TAMANA formation Miocene
(Trinidad, B. W. I.).
Authors of name: WALL (G. P.) & SAWKINS (J. G.) (1860). Report on the geology of Trinidad, p. 39.
Type locality: Tamana Hill, eastern Central Range.
Thickness: About 300 feet.
The Tamana Calcareous Series of WALL & SAWKINS consists essentially of the massive limestone of Tarnana, l’Ebranche and Montserrat, varies from white to yellow in colour and from granular to crystalline, in texture. WALL & SAWKINS also include in this Series sands and clays belonging to the present-day Manzanilla and Brasso formations. It was, therefore, necessary to confine the term Tamana to the limestone and intercalated calcareous sands and clays only. In this sense the Tamana for¬mation at the type locality represents a thickness of about 300 ft. of essentially impure limestone and silty marls resting on Brasso formation.
MAURY (1925) lists a few molluscs from her Tamana horizon which she erroneously places at the base of the Trinidad Miocene.
The Guaracara, Biche and Brigand Hill limestones (WARING, 1926, p. 56) are included in the Tamana formation (KUGLER, 1936, p. 1451).
VAUGHAN & HOFFMEISTER (1926) describe seven species of corals of which the genus Orbicella was already reported by WALL & SAWKINS. Amongst the larger foraminifera VAUGHAN & COLE (1941) mention Planorbulinella and Amphisorus, while SUTER (1951) reports Operculinoides tuxpanensis. Two species of calcareous algae are described by HOWE (1922) and three Cypraeacea by SCHILDER (1939), all of Miocene age.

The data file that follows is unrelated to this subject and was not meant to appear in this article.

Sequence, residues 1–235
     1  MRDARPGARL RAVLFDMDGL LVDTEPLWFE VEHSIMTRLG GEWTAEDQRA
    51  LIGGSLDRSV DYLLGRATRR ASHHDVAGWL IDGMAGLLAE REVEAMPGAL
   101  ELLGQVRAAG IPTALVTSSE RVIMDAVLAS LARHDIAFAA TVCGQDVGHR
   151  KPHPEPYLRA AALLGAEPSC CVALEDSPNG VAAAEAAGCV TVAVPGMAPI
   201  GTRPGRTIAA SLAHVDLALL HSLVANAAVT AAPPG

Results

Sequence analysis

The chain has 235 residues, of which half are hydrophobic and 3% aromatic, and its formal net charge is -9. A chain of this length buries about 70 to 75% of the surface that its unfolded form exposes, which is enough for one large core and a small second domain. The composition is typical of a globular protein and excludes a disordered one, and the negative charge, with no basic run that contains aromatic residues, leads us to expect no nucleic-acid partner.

Limestones of approximately the same age are known from Hispaniola, Cuba and Venezuela.
(H. G. KUGLER).
References HOWE (M. A.) (1922): MAURY (C. J.) (1925a):
WARING (G. A.) (1926); VAUGHAN (T. W) & HOFFMEISTER (J. F.)
(1926); KUGLER (H. G.) (1936) SCHILDER (F. A.) (1939); VAUGHAN
(T. W.) & COLE (W. S.) (1941); SUTER (H. H.) (1951).
Throughout the Central and Southern Ranges occur a number of limestone reefs, some of them in tectonically disrupted position; all are essentially algal bioherms of variable sizes and up to 300 ft. in thickness.
The rocks are grey, yellow and white, cavernous and vugular and partly massive, partly bedded, with clay and marl intercalations. In age they appear to be restricted to the Lower and Middle Miocene. Apparently, reef al conditions were established earlier in the Southern than in the Central Range.
The reefs are clearly bound to uplift zones. Younger sediments are not found in the Central Range indicating its positive structural nature. Marine clays, silts and glauconitic sands of Upper Miocene and Younger Age outcrop on the northern flanks suggesting that although the Central Range may not have been fully emergent during this time, nontheless it formed an effective barrier isolating Upper Miocene to Pleistocene deposition in the Northern and Southern Basins.
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